He seems to take that for granted, and instead, finds independent women more
Ed's use of the word 'submissive' rings a bell. I had told myself that I
wanted a 'traditional' woman. I did not dare to consider the word
'submissive.' But damn it! That's exactly what I want!
After talking to Ed, I decide to go back to the the house. I ask Cecilia to
come home and make a cup of coffee for me.
"Get it yourself, you fucking asshole," I can almost hear her American

She brings me the coffee. I put it aside and pull her down on the bed.

"Are you a submissive woman?" I ask.

"What does submissive mean?"

It means you obey your husband.

"I obey you because I love you," she says.

"And I'll never do anything to weaken your love," I vow.

Henry Makow is an exceptional individual, perhaps an eccentric. He is
willing to invest heavily in his own ideas, and I admire this greatly. From
a syndicated column for 38 newspapers called Ask Henry at age 11, to his
invention of the board game Scruples, to being fired from his University
teaching position for defending traditional gender roles, Makow has surely
cut his own path through life. The story of his mail order search for a
traditional wife told in A Long Way to go for a Date continues that pattern.

But what of his vision? Is it practical? Can the feminist genie be coaxed
back into the bottle? With some sadness, I have to confess that I think
not. Like a radio technician who insists on continuing to design using
vacuum tubes and avoids "those newfangled transistors and integrated
circuits," Makow's vision is, I think, doomed to failure. But like the
charge of the Light Brigade, his failure may well be magnificent, for he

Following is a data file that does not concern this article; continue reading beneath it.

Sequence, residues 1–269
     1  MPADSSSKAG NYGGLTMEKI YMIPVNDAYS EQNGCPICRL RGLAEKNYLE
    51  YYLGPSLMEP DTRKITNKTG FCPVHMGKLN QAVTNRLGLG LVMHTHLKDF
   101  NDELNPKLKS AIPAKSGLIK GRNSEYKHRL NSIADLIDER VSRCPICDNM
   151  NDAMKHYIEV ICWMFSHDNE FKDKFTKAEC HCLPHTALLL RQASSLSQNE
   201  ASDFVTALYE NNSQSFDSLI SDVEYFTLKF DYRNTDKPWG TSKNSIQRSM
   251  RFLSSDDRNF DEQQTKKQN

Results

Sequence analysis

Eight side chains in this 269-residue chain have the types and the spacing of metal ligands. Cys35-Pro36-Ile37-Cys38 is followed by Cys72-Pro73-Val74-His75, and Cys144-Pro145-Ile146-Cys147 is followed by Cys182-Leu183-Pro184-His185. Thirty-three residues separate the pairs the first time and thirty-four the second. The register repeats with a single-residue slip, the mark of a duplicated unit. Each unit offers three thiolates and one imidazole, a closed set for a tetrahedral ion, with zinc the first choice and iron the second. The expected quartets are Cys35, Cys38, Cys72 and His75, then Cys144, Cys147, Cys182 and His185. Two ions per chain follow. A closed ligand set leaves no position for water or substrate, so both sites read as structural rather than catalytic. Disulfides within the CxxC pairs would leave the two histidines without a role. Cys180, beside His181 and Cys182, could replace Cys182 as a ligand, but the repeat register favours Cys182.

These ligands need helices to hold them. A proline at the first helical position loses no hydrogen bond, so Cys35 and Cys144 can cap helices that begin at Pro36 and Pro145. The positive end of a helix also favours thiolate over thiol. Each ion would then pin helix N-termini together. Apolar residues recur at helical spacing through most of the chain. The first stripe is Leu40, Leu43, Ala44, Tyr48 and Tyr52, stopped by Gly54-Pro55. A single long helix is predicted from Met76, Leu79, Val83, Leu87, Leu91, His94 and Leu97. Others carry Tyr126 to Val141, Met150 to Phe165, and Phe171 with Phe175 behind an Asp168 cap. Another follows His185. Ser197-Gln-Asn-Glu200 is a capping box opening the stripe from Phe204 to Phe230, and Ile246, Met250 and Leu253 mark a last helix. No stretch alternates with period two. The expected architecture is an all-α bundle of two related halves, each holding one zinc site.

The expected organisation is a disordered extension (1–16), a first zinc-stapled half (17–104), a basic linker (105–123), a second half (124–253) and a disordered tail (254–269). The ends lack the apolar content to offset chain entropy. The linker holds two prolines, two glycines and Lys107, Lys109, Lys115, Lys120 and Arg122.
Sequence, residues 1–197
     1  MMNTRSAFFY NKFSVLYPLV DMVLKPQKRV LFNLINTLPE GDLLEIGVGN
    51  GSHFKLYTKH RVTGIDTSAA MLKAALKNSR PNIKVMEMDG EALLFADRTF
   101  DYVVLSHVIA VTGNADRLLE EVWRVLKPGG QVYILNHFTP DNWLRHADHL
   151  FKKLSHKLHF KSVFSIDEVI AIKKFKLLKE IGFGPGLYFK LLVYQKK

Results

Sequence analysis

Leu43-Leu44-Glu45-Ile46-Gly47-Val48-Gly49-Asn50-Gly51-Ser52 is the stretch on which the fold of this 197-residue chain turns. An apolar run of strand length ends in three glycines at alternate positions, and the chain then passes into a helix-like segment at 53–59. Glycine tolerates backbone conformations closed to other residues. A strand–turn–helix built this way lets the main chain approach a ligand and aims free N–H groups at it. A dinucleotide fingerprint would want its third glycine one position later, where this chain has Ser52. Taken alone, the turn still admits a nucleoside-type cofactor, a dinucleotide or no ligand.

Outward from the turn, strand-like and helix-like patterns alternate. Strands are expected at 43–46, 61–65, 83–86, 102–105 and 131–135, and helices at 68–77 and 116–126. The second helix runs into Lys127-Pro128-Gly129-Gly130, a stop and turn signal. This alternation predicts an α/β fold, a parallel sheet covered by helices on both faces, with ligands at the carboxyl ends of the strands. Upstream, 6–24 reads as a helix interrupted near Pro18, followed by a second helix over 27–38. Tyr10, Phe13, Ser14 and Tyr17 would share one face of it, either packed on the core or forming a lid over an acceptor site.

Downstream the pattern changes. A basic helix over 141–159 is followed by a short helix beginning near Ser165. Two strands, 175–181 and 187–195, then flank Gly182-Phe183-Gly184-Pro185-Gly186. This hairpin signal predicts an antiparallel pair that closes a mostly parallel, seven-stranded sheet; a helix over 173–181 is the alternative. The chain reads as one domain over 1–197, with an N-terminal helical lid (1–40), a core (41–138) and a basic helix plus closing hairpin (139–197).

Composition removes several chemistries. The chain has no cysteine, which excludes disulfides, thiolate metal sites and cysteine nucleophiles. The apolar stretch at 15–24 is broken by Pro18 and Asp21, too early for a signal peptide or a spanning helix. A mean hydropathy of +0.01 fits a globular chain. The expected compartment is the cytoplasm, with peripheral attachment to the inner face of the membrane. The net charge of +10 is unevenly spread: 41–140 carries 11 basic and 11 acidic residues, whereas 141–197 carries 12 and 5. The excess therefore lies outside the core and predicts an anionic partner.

does not lack courage. And then again, maybe I am wrong. Maybe Makow will
prove that the twenty first century can be wedded with the nineteenth. I
think that I would like that.

Makow's first experiment with Cecilia does not end well. On the back cover
of his book, he writes,

Things donĀ¹t look so good at this moment. Is my hypothesis wrong? Or will
it be discredited because I chose the wrong woman? I sense the satisfaction
feminists would be feeling now. But I am not about to panic.

Indeed he is not, for he has recently attracted a new 'traditional' woman,
from Mexico, into his life. Perhaps a further book will emerge to tell the
continuing story of his experiments with love and masculine identity.

An epilogue to A Long Way to go for a Date entitled "What I Believe" tells
in more abstract, theoretical terms how Makow sees relationships between men
and women, and how he believes modern feminism has poisoned the ground.
That chapter is excerpted/summarised as an article entitled "In Defense of
Heterosexuality" on page 48 of this issue of Everyman.

A Long Way to go for a Date can be purchased at

Contact author Henry Makow of Winnipeg, MB by email at

Reviewer: David Shackleton is a thinker and writer on gender, and editor of
Everyman; A Men's Journal (sample copy available on request). You may
contact him by phone at (613) 832-2294, or by email at